Computers are getting easier to use by the day, but that doesn't mean that every little problem that comes up is easy to solve. IT (information technology) support continues to play a vital role in regular, day-to-day office tasks. For many users, however, dealing with IT can sometimes feel like an uphill struggle. Technical instructions may be difficult to follow, or IT staff may use terms that they are unfamiliar with. On the other side of the coin, IT staff are often frustrated by users who cannot fully describe a problem or how to reproduce it. These tips will help your office staff to better communicate with your IT staff.
Never Ignore Error Boxes
When an error pops up, it's tempting to immediately click that "OK" button and just make it go away. Unfortunately, this is one of the best ways to guarantee that your IT staff will be unable to help you with your problem. If an error pops up, your first instinct should be to stop and read the error. The message may actually just be alerting you to something you are doing wrong in the application that you are using. If the error is an actual problem, then either write down the error message (along with any codes that may be present) or take a screenshot. This information will be invaluable when it comes time to diagnose the problem.
Pay Attention to What You Were Doing
Reproducibility is one of the most important aspects of all forms of troubleshooting. If you are getting an error repeatedly or having some other problem, then it is important to remember the situations where that error pops up. Is the error message appearing when you click a particular icon? Does it only happen right after opening an application? Along with the actual content of the error message, the circumstances where the error occurs are a key clue to its underlying cause.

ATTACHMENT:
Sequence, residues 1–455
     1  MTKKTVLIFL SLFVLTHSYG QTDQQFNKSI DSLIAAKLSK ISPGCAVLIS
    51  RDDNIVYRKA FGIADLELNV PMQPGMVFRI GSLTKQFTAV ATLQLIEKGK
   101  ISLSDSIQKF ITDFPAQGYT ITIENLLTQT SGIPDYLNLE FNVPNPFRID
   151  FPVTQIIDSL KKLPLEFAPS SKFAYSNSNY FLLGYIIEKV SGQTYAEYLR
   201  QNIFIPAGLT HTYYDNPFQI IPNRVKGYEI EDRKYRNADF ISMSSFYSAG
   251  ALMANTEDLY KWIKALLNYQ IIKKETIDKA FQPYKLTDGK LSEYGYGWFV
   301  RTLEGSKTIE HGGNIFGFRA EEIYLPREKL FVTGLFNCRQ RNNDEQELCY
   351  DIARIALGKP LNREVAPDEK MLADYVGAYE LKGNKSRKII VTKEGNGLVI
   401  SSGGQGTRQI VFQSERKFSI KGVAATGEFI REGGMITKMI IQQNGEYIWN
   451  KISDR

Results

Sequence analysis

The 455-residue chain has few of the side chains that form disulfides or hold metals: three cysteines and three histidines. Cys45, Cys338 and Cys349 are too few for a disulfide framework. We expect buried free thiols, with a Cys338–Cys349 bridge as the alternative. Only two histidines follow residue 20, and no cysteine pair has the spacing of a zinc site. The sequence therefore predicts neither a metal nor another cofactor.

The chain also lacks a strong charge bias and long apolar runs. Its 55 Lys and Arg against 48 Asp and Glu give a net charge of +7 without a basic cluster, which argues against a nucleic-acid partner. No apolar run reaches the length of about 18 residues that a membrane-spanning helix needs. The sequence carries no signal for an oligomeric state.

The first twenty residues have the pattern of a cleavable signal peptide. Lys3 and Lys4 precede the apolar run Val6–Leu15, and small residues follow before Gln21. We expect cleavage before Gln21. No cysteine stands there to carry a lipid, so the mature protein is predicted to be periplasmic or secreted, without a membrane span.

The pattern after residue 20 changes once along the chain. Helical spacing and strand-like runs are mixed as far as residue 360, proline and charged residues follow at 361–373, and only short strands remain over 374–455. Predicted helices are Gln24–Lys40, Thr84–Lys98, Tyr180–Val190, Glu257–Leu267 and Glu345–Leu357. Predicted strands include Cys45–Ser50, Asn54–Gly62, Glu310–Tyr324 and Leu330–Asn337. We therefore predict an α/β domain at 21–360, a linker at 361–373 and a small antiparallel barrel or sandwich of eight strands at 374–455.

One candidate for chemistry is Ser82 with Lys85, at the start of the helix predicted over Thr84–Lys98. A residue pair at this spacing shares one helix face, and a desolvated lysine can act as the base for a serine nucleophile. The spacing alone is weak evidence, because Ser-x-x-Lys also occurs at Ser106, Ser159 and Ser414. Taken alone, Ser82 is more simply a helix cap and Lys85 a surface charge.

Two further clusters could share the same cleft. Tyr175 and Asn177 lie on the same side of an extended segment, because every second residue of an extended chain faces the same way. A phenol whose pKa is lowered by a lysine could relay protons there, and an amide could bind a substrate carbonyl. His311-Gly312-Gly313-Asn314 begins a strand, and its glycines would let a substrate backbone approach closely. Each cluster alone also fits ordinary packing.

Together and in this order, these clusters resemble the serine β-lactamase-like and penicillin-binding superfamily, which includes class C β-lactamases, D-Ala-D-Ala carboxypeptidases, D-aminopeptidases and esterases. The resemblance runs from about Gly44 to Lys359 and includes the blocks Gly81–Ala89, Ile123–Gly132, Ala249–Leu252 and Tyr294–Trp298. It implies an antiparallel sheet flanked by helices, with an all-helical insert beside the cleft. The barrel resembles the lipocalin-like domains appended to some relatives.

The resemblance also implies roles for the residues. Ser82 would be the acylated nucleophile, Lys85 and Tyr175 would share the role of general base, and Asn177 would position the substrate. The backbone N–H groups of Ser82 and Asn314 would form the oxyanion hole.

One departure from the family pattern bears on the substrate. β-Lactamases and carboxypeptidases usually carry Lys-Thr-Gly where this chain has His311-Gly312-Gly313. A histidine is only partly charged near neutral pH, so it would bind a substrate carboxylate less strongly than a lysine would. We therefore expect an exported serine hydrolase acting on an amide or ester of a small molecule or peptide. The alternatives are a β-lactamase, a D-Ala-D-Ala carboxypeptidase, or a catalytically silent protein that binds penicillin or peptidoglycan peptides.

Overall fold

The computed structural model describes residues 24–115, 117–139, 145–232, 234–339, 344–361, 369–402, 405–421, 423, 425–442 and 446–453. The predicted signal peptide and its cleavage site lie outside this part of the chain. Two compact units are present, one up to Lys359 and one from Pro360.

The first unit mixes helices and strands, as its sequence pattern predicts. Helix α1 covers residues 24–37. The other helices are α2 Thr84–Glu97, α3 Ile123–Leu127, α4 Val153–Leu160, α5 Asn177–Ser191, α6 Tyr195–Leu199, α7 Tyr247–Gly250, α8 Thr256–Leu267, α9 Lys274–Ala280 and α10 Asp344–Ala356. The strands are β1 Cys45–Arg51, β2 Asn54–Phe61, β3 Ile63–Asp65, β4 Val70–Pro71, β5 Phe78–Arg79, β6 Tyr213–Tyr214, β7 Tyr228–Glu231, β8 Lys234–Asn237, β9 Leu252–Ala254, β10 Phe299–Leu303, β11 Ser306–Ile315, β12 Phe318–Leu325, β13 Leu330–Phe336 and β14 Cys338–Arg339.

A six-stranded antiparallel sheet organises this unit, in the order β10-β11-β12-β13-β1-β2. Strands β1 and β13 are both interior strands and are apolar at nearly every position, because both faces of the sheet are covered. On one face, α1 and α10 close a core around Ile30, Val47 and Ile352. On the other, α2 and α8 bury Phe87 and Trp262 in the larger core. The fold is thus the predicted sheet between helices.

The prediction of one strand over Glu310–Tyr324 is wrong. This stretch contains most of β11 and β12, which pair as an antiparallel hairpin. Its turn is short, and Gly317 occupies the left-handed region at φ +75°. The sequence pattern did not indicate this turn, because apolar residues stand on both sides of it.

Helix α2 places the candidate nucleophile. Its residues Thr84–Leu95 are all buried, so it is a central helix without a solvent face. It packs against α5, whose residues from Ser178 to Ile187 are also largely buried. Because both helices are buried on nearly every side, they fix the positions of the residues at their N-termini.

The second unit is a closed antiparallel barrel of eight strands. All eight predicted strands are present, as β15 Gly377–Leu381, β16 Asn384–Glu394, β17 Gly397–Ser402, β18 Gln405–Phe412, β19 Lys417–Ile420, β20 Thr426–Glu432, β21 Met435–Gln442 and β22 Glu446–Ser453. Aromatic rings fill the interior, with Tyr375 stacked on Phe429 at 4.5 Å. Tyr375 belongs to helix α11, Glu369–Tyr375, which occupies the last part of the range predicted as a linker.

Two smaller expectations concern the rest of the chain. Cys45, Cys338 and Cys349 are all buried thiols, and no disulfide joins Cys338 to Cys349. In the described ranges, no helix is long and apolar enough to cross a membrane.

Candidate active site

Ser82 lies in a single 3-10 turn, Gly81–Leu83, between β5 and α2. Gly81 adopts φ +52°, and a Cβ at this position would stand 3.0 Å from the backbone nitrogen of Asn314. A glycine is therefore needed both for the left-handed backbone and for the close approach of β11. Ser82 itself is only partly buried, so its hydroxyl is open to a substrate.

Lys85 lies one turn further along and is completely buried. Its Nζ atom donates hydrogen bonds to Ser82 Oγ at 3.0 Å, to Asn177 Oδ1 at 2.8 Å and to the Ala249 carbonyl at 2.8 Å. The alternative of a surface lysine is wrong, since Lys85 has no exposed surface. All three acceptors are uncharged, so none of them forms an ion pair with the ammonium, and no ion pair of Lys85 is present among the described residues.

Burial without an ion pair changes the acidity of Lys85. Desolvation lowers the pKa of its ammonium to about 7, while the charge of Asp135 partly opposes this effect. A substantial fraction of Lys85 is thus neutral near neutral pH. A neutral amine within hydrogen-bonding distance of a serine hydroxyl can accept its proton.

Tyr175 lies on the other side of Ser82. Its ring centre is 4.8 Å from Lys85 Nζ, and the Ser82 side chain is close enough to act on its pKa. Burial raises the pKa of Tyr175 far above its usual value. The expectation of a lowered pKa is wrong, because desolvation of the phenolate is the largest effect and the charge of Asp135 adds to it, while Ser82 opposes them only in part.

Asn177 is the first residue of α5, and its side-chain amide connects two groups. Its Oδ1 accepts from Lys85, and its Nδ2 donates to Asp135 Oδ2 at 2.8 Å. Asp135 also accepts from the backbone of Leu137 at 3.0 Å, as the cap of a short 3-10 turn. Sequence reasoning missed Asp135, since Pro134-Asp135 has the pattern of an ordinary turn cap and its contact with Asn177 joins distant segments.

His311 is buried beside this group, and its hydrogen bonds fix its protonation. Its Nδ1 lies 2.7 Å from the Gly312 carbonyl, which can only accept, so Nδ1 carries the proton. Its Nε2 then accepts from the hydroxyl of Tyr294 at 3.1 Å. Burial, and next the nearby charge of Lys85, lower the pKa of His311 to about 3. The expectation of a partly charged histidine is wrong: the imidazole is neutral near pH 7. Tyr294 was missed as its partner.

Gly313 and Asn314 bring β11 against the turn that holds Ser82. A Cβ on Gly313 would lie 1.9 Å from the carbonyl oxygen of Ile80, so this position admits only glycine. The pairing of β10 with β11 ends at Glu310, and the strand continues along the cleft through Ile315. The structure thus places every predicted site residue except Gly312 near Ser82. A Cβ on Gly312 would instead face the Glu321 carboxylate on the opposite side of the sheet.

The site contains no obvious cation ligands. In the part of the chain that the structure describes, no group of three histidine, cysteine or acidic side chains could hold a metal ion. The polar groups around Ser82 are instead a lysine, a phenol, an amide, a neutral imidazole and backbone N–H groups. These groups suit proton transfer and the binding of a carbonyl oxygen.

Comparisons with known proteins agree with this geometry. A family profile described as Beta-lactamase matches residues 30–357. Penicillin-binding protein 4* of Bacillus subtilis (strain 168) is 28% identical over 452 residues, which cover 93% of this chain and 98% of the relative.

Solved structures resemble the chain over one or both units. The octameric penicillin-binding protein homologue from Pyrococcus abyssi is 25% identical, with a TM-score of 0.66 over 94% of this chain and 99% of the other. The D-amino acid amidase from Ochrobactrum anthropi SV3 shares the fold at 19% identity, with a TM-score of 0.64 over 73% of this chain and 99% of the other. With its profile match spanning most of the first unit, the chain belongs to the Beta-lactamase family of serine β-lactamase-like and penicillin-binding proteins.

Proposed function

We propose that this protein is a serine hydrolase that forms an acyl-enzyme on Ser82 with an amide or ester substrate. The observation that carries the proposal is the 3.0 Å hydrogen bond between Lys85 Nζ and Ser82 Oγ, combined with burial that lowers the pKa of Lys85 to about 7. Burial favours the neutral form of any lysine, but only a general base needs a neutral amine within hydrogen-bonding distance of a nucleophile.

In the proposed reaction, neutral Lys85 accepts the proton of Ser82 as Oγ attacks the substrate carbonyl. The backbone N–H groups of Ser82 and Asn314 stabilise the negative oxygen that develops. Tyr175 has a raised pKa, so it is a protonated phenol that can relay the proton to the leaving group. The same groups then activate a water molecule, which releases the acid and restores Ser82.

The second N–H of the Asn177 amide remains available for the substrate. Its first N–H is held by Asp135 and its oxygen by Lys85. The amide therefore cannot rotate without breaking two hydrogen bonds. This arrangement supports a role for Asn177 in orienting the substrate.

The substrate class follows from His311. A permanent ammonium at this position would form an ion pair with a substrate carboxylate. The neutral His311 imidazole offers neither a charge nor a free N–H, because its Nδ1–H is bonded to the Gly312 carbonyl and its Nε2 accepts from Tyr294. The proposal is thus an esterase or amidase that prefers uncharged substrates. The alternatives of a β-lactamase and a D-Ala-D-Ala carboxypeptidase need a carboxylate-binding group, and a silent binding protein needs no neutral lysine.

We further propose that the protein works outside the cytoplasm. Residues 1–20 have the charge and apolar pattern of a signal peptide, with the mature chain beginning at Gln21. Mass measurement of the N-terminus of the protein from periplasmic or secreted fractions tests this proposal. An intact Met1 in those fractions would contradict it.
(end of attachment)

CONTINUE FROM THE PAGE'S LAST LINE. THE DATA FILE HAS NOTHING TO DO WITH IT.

Fully Describe Problems
Try to avoid describing problems with simple phrases such as "it doesn't work" or "an error pops up." Without more information, it's impossible to get to the root of the problem. No one expects users who aren't computer experts to be able to describe a problem in detailed, technical terms, but explaining the basic steps that caused the problem to occur will be helpful. If your computer is behaving oddly in any other ways, then describing these will be helpful as well.
While detailed error messages and problem descriptions are helpful, ultimately the most important aspect of dealing with your IT staff is simply to communicate. Many problems can only be properly diagnosed and solved through many troubleshooting steps, so it is important to understand that the process may take some time. Even if you working with a member of your IT in person, don't be afraid to provide more information as you remember it or to ask questions. With proper communication, just about any computer problem can found and solved.
For more information on IT repair, contact a resource in your area.